Lecture, Ancient Egypt
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Lecture, Ancient Egypt

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  • Themes: -Art and power: political, social, and spatial hierarchies -Power of tradition: formal conventions (vocabulary) in Egyptian art -Power of myth: Egypt of/in the imagination (the afterlife) Similar to the art of the Ancient Near East, Ancient Egyptian artists were devoted to expressing the absolute power of their leader (pharaoh) and their belief in the afterlife. Here we will continue to explore the visual vocabulary of power through the built environment and in representations of man.
  • Egyptian art also presents the opportunity to discuss the establishment of artistic conventions and the desire to control the representation of the human body. In representations of the human form, particularly of leaders like pharaohs and noblemen, pose, proportions, skin coloring, gender roles, etc, become canonized and remain consistent for hundreds, if not thousands, of years. The consistency of image is central to our modern understanding of the ideal human form and may be one of the reasons for our continued fascination with and indebtedness to Egyptian culture.
  • Myth making has also significantly affected our understanding. Since the early 19 th century when Napoleon invaded Egypt, Westerners have long been fascinated with all things Egyptian, from its architecture, to its fashions, to its kings (pharaohs) and queens. This was further escalated by the discovery of King Tutankhamun’s tomb in 1923 by archeologist Howard Carter in the Valley of the Kings. As a result, Hollywood responded with scores of movies, skits, and songs. As legend has it, eleven people connected with the discovery died within 6 years of the tomb’s desecration. The mythic curse of the Egyptian pharaohs served as continued fodder for the imagination.
  • Moving past the myths about ancient Egypt, let’s take a look at the facts.
  • As seen in the Mesopotamian ziggurats, the axis mundi of the Egyptian pyramids represents the desire to connect and exert control over the material and spiritual realms. Through the plans of the temple or pyramid complexes we can also consider how power was communicated through the marking of ceremonial spaces that similarly reflect a sense of hierarchy and power. Along a horizontal axis, Egyptians established processionals that served as gradual transitions from open secular spaces to the innermost sanctuaries that few accessed. These spaces frequently incorporated the symbolic use of light, reflecting transitions from life to death. Thus, organization and planning of architectural spaces reflect the hierarchy and beliefs of society.
  • The Egyptians practiced mummification as a means of providing an eternal home for the spirit ( ka) of the deceased, believing that the soul of the dead continued to live on long after the body dies. The embalming process was lengthy (70 days) and involved. Major internal organs were removed from the left side, then individually wrapped and placed in jars for inclusion in the tomb next to the mummy. The brain was pulled through the nose and discarded. The heart remained in the body since it was thought to be the seat of the life force and of its intelligence. The body was then embalmed with a salt compound, resin-soaked linens were placed inside, and the incisions covered with an amulet (Horus’s eye) to ward off evil. Finally, the body was covered in lotions and wrapped in hundreds of yards of linen to maintain its shape. The mummified body would then be entombed with all manner of needs (food, servants in effigy, furniture, ka sculptures) in the afterlife.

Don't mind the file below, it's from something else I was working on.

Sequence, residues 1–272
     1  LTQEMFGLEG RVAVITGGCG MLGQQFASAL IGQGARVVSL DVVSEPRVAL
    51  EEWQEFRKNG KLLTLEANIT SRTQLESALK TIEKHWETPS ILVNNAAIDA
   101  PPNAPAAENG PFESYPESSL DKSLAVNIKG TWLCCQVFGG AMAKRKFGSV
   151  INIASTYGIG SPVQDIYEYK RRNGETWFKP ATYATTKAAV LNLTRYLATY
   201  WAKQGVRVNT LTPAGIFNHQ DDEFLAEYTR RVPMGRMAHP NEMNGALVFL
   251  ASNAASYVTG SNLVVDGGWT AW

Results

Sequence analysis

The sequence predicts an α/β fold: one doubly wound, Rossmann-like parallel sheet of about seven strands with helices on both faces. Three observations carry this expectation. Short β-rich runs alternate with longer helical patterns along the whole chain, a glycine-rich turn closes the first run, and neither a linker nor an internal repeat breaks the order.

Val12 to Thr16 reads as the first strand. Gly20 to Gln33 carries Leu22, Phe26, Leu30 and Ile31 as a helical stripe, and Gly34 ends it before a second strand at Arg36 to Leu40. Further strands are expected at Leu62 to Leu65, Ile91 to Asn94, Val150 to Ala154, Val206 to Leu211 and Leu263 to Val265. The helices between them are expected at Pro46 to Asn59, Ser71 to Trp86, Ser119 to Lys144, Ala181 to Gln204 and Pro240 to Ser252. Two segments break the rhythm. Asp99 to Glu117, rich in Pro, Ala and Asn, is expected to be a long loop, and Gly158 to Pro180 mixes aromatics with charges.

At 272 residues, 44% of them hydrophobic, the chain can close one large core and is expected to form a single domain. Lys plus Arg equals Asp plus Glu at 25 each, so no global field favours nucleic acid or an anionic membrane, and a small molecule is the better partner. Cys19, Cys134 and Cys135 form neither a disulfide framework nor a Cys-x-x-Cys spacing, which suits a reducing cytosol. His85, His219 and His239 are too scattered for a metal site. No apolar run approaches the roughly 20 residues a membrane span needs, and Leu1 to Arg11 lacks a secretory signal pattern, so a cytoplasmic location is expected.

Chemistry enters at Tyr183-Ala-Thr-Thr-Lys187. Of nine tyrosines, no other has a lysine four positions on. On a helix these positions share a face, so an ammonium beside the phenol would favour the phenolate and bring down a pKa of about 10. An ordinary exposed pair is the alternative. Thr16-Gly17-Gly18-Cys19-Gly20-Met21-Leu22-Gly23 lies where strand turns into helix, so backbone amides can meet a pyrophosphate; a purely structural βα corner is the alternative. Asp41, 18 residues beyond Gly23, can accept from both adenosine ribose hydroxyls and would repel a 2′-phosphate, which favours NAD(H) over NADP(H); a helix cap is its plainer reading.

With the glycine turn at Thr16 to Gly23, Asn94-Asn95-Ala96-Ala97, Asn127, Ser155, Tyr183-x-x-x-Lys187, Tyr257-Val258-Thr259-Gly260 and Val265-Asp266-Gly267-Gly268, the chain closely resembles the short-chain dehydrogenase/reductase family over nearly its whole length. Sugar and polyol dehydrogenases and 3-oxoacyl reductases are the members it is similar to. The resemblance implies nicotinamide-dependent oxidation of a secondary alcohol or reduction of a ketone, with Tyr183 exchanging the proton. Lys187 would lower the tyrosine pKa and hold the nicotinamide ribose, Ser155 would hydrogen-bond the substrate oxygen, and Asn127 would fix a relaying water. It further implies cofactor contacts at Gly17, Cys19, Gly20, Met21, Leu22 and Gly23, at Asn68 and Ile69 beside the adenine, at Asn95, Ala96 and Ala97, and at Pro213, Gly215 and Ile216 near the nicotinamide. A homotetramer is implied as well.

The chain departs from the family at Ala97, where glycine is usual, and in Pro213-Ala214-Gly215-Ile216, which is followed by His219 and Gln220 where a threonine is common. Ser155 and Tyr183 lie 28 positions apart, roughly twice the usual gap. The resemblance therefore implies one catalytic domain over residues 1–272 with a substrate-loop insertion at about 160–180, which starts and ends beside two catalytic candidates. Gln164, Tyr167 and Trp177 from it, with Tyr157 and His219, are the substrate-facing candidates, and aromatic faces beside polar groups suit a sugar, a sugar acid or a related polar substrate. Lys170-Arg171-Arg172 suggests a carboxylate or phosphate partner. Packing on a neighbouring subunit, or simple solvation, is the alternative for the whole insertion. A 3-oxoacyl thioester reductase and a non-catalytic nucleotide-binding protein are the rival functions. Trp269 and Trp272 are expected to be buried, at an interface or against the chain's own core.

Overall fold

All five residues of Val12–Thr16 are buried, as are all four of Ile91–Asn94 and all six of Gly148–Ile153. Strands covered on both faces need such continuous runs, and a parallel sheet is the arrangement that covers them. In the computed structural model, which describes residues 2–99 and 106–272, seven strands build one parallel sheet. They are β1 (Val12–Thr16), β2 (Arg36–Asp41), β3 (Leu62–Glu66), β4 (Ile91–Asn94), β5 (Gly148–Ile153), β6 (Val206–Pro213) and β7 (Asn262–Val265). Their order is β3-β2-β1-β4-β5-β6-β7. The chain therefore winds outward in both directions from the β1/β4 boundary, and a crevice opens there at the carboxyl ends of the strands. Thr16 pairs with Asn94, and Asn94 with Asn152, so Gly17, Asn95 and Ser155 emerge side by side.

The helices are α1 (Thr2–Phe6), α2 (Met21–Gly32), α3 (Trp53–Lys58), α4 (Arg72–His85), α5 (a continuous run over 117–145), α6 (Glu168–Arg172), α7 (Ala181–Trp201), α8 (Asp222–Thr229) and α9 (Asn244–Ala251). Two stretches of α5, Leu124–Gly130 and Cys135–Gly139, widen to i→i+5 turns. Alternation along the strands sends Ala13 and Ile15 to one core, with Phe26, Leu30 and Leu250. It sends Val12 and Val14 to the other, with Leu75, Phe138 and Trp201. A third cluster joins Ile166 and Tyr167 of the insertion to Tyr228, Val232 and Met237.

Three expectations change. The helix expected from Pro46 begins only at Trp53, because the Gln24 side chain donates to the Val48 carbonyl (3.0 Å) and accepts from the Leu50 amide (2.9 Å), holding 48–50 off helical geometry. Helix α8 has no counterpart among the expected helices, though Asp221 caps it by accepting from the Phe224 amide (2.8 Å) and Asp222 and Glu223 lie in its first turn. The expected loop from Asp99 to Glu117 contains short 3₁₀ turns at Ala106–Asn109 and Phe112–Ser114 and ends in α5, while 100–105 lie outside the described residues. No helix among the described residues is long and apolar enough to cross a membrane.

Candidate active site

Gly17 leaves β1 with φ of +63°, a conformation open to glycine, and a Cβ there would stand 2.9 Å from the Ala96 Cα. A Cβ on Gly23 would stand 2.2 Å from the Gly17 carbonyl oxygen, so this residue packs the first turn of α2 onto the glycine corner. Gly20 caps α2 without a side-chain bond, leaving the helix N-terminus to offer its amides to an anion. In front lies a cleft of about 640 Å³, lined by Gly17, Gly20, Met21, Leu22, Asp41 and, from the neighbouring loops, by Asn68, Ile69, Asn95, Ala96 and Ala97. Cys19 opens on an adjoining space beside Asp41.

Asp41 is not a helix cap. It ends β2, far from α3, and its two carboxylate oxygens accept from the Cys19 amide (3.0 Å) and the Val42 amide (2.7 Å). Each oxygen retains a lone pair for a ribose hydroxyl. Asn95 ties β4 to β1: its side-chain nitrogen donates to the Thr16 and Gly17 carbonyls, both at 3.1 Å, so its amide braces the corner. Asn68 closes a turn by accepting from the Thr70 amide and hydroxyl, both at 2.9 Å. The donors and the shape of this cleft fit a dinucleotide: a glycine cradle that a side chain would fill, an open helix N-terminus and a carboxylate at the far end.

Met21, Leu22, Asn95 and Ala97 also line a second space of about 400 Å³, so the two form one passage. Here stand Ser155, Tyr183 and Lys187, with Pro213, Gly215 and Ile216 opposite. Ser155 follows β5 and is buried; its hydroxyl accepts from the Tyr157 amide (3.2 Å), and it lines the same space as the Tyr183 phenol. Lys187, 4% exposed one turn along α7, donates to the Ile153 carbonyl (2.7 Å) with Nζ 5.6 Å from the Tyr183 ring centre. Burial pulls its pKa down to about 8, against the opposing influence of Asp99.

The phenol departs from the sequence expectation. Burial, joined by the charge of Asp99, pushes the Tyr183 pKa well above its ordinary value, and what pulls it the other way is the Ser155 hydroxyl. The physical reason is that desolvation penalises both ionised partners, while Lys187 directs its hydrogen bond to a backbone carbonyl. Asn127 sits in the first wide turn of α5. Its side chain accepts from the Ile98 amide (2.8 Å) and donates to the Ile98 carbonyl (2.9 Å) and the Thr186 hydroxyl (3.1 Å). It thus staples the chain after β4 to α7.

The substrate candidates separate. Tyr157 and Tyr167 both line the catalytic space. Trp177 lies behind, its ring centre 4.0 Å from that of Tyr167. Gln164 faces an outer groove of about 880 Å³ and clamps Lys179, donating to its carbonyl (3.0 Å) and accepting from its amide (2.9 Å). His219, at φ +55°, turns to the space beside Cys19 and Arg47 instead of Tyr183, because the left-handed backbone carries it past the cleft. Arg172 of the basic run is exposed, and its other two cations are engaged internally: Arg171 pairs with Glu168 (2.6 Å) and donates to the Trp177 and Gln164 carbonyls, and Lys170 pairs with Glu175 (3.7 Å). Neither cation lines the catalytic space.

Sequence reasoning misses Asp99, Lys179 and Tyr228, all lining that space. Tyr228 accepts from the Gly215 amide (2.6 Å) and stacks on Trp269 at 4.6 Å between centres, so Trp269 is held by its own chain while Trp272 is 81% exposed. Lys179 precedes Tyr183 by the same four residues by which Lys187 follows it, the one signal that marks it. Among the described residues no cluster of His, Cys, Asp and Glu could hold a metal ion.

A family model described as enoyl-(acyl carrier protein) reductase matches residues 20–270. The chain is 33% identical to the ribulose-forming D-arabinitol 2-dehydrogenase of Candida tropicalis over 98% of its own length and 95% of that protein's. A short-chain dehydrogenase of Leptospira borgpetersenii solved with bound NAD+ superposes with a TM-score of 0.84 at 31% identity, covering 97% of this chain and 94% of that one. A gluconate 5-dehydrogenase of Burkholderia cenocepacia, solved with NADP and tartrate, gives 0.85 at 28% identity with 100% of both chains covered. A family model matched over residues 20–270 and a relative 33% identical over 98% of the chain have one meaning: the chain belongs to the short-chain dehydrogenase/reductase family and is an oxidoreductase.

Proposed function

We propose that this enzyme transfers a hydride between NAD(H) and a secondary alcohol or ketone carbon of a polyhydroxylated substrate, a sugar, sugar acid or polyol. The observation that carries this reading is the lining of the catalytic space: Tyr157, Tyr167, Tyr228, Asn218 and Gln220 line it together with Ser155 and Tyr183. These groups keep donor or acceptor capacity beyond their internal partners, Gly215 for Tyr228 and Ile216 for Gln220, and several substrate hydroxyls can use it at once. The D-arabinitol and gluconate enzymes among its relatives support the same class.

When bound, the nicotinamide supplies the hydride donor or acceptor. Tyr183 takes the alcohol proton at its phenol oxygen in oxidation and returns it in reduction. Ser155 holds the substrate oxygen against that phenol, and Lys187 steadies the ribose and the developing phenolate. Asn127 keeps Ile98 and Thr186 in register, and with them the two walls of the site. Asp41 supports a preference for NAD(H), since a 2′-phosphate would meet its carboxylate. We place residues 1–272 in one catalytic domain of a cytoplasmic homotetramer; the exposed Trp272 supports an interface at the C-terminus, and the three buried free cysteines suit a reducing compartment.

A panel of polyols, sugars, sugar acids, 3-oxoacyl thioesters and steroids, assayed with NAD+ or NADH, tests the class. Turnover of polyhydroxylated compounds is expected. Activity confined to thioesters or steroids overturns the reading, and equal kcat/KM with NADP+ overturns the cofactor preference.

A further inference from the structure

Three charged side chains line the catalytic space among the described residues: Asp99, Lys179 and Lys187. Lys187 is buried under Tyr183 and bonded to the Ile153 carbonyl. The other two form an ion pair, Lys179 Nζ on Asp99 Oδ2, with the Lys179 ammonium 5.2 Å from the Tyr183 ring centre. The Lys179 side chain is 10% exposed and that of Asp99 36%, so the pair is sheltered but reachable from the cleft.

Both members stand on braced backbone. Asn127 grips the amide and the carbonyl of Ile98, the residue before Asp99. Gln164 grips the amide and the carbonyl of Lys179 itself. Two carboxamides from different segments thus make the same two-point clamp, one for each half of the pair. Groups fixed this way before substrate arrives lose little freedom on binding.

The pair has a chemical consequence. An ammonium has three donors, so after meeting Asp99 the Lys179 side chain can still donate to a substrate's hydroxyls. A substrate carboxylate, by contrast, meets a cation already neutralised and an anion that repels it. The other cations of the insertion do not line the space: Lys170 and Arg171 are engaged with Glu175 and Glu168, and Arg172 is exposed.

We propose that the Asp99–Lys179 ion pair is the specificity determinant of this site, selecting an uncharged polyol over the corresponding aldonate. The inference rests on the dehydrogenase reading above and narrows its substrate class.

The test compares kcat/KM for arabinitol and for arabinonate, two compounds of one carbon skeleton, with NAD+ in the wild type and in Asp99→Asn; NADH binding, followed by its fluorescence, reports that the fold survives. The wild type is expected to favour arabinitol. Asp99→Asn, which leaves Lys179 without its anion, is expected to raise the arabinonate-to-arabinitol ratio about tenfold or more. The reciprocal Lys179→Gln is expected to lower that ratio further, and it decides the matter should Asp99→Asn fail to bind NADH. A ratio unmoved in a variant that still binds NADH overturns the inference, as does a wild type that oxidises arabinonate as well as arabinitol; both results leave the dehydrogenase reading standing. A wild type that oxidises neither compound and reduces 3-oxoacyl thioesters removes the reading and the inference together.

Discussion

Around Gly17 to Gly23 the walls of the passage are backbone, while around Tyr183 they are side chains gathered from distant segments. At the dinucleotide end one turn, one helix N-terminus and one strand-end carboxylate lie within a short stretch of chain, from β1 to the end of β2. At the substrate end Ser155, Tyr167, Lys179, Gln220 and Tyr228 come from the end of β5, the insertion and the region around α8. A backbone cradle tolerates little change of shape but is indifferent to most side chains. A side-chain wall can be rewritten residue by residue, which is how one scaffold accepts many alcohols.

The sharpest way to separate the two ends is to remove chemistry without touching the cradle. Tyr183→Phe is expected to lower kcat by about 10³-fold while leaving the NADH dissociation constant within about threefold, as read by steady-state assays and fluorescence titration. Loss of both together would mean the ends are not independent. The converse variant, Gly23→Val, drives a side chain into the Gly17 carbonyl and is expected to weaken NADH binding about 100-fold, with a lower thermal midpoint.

• This preoccupation with the afterlife converged with the Egyptian interest in a highly stratified and hierarchical society. Therefore, their burial practices and tombs reflected this hierarchy. Here, we see the pyramids of the pharaohs Menkaure, Khafre, and Khufu. They are the oldest of the Seven Wonders of the ancient world. The tomb of Khufu is the oldest and largest. At its base, the length of one side is 775 ft. The surface area is 13 acres. Its current height is 450 ft. 2.3 million blocks of stone, each weighing 2.5 tons (enough to encircle France in a 10ft high wall).
  • Old Kingdom
  • To carve this sculpture, the artists used a subtractive process. First, they drew the design on the block of stone. Then, they carved away the excess with chisels. Finally, the master sculptor smoothed the form.
  • Hatshepsut was the first recorded female pharaoh. She ruled for 2 decades. Here is her temple, which stands as the first great tribute to a woman’s achievements in art history. Within it included painted reliefs detailing her expedition to the “land of Punt” on the Red Sea, and representations of her birth and coronation. Representations of Hatshepsut show how gendered such portrayals of powerful figures were. In the above Sphinx of Hatshepsut, we can see how she adopted the visual vocabulary of male pharaohs (the headdress, false beard) to indicate eternal power and legitimize her rule.
  • Here is a model from the hall of the sprawling complex of the Temple of Amen-Re in Karnak, Egypt. It is a hypostyle hall, which in its most basic form, means that columns support a roof. In this case, extraordinarily tall columns (66’) would have supported lintels resting on cubicle blocks, which rest on 22 ft wide capitals. In order to illuminate the interior of the hall, the central columns were taller to allow for window openings above. This Egyptian-invented element is called a clerestory, which, like the post-and-lintel system of the hypostyle hall, creates the basic vocabulary for many structures built thereafter. Some of these include Gothic cathedral and later, the modernist skyscraper.
  • With the reign of Akhenaton (Amenhotep IV), a religious upheaval altered not only religious practices in the New Kingdom but artistic representations of the king and his family.

Lecture, Ancient Egypt Lecture, Ancient Egypt Presentation Transcript

  • The Art of Ancient EgyptArtfortheAfterlife Seated Scribe ca. 2600 BCEPainted limestone Old Kingdom http://smarthistory.khanacademy.org/seated-scribe.html
  • The Measure of a Man Vanessa Beecroft, VB45.007.DR, 2001 c-print Illustration of the Egyptian canon of proportions